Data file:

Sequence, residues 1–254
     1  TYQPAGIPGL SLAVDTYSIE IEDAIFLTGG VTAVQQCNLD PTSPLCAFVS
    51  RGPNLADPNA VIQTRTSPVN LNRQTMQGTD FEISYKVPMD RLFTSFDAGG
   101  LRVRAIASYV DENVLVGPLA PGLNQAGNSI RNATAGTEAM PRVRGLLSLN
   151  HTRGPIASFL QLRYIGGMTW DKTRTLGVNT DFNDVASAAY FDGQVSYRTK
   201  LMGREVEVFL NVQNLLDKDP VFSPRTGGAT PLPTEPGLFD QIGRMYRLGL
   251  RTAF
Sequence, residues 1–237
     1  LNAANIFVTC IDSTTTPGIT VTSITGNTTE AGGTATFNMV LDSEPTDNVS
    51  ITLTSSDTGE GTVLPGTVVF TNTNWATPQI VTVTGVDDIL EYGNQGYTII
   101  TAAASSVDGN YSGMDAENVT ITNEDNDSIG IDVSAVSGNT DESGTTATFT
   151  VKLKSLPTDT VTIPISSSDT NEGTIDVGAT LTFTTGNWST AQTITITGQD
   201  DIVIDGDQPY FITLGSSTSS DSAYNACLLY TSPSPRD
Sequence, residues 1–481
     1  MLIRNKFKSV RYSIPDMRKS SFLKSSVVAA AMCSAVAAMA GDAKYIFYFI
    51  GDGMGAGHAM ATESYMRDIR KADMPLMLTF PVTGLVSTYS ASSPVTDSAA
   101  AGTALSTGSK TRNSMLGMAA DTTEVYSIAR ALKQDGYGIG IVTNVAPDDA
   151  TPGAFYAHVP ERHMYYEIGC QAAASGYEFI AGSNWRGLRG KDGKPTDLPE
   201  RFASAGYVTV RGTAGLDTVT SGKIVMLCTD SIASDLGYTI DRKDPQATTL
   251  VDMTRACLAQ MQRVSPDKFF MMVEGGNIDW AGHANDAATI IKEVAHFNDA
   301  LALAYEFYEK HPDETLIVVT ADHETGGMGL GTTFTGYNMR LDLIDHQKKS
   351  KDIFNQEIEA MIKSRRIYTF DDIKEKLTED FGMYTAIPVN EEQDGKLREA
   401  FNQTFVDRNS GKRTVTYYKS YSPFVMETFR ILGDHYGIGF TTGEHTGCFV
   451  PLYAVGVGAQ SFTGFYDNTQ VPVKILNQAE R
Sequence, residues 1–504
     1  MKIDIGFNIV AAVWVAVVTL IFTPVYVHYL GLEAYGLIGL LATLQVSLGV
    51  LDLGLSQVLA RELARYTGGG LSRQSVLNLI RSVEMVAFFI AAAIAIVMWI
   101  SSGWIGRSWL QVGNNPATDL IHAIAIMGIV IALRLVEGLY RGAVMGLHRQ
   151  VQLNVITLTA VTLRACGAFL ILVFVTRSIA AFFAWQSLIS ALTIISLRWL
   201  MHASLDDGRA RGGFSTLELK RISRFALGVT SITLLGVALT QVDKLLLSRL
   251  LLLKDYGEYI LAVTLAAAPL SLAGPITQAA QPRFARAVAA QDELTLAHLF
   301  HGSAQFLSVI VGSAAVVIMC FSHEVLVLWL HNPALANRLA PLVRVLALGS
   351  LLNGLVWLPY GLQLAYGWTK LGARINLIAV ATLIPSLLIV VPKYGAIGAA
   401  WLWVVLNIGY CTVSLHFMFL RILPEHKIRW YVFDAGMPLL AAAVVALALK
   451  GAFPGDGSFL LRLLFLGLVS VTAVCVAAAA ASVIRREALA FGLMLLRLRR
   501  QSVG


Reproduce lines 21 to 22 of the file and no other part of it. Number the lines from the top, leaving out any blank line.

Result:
   301  LALAYEFYEK HPDETLIVVT ADHETGGMGL GTTFTGYNMR LDLIDHQKKS
   351  KDIFNQEIEA MIKSRRIYTF DDIKEKLTED FGMYTAIPVN EEQDGKLREA